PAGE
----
Thus, there is a need to develop inhibitors of Cdc42.

BRIEF DESCRIPTION OF THE DRAWINGS

FIGS. 1A-1C show characterization of described compounds according to one embodiment, and referred to as ZCL compounds, in targeting Cdc42-intersectin (ITSN) interaction: FIG. 1A shows docked pose of ZCL278 in the Cdc42 binding pocket with protein shown as gray surface (Arrow 1) and ligand is shown as sticks (Arrow 2); FIG. 1B shows proposed interactions between ZCL278 and Cdc42 residues, with ZCL278 shown as sticks (Arrow 3), Cdc42 is shown as gray cartoon, residues of Cdc42 are shown as sticks (Arrow 4), and hydrogen bonds are represented as dashed lines (Arrow 5); and FIG. 1C shows superposition of GMP-PCP (Protein DataBank ID code 2QRZ) and the docked Cdc42-ZCL278 complex, with Cdc42 indicated by gray cartoon, ZCL278 by sticks, and GMP-PCP (GMP-PCP is GTP analogs, beta, gamma-methylene diphosphate guanylate) by sticks, as indicated.

FIGS. 2A.-2C show properties of ZCL278: FIG. 2A shows the inhibition of Cdc42-mediated cell microspike formation; FIG. 2B shows ZCL278 inhibits the activation of endogenous Rac/Cdc42; and FIG. 2C shows ZCL278 inhibits the stimulated Cdc42 activation.

FIGS. 3A-3C show immunofluorescence staining of active Cdc42 and the phosphorylated RhoA.

FIG. 4 shows ZCL278 disrupts the GM130-docked Golgi organization.

FIGS. 5A-5C show ZCL278 suppresses cell migration without affecting cell viability.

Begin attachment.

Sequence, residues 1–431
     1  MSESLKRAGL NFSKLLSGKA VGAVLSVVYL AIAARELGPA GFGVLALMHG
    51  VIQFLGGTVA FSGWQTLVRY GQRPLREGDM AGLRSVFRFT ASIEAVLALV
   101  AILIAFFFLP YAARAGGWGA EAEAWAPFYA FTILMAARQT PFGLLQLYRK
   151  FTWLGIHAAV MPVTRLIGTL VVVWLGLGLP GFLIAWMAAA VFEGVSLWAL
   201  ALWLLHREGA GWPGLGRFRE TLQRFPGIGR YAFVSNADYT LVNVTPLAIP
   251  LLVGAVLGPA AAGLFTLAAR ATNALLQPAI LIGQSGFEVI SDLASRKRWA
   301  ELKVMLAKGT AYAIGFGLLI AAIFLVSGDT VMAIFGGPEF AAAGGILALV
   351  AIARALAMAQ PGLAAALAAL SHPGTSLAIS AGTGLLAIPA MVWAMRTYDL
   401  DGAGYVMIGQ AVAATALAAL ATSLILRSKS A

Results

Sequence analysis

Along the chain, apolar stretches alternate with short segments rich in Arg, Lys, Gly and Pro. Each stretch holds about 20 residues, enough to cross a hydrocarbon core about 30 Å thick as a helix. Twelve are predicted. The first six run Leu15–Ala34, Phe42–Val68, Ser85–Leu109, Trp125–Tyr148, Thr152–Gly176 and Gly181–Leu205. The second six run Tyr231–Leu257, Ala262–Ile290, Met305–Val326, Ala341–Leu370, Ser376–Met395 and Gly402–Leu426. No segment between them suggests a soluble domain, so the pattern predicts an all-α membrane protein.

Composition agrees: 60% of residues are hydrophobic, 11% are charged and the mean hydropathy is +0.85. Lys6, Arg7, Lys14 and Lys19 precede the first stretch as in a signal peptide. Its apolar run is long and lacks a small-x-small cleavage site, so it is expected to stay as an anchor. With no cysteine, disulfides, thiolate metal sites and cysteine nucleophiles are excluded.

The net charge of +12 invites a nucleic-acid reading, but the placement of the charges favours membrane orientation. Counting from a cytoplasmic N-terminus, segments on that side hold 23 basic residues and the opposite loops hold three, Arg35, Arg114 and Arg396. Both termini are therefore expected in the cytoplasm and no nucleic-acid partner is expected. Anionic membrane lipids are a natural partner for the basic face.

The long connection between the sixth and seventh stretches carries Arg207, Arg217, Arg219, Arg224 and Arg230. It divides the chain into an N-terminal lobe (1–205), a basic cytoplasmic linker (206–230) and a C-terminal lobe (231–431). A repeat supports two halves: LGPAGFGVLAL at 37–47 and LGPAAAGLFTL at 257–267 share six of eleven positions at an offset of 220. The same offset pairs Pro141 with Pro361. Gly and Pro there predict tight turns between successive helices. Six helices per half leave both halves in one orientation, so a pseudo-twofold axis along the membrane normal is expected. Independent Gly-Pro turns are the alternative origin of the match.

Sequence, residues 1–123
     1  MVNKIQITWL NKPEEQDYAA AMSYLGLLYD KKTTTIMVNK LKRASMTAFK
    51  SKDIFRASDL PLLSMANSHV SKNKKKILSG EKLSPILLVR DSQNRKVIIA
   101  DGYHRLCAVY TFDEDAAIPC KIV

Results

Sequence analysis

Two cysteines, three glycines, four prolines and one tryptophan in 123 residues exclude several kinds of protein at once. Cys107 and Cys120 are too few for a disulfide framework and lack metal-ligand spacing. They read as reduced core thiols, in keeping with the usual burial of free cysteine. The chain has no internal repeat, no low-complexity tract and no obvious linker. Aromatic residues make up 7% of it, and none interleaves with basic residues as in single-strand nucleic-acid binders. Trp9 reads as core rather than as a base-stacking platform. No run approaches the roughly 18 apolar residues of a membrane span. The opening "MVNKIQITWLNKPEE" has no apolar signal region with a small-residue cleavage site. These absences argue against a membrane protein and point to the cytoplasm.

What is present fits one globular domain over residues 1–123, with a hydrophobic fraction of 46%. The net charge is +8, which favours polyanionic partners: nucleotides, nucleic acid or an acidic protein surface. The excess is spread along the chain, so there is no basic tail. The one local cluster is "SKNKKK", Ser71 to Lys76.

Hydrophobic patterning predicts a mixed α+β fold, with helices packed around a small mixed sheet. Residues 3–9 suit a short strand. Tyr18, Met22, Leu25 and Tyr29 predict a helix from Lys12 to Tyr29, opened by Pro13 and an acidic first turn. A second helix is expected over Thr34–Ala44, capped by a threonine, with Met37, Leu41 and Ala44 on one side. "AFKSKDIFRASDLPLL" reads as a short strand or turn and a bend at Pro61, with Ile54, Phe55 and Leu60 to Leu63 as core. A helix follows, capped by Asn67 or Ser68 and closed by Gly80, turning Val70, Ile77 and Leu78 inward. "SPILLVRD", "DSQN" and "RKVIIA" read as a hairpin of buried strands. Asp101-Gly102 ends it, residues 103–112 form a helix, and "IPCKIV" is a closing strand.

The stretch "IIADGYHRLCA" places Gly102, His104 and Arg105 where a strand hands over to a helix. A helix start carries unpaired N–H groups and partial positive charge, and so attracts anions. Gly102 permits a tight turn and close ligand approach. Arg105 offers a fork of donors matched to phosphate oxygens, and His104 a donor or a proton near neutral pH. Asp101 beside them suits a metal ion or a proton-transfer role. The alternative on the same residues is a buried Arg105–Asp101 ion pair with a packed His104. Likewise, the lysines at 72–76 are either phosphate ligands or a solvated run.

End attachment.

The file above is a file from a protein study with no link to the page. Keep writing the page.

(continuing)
FIGS. 6A-6C show ZCL278 inhibits neuronal branching and growth cone dynamics.

DETAILED DESCRIPTION

In one aspect, compounds which inhibit Cdc42 are provided. In one embodiment, the compound has the following structure A:

embedded image

where R1, R2, R3, R4, R5, R6, R7, R8 are each independently selected from the group consisting of fluoro, chloro, bromo, nitro, cyano, amino, methyl, hydroxylmethyl, trifluoromethyl, methoxy, trifluoromethyoxy, and ethyl.

In one embodiment, the compound has the following structure B:

embedded image

where A, D, E, G, J, M, W, X, Y, Z are each selected from the group consisting of nitrogen, carbon, and substituted carbon, and any of A, D, E, G, J, M, W, X, Y, Z may be missing, such that the ring structure is less than a six-membered ring.

In one embodiment, the compound is a combination of structures A and B. For example, Y and Z are N and R1, R2 and R3, as described for structure A, are attached to X, W, and M of structure B, respectively.

In one embodiment, the compound has the following structure C:

embedded image

where R1 and R2 are independently selected from the group consisting of alkyl, cyclic alkyl, aryl, and substituted aryl. In one embodiment, R1 is selected from the group consisting of

embedded image

In one embodiment, R2 is selected from the group consisting of

embedded image

In one embodiment, the compound has the structure of formula I:

embedded image

The chemical name of Formula I is 4-(3-(2-(4-Bromo-2-chlorophenoxy)acetyl) thioureido)-N-(4,6-dimethylpyrimidin-2-yl)benzenesulfonamide. For the sake of simplicity, it will be referred to as ZCL278 in this application.

In various embodiments, the compound may be a variant of the compound of Formula I selected from the group consisting of Cl-2, Cl-3, Cl-4, and Cl-5, as shown below:

embedded image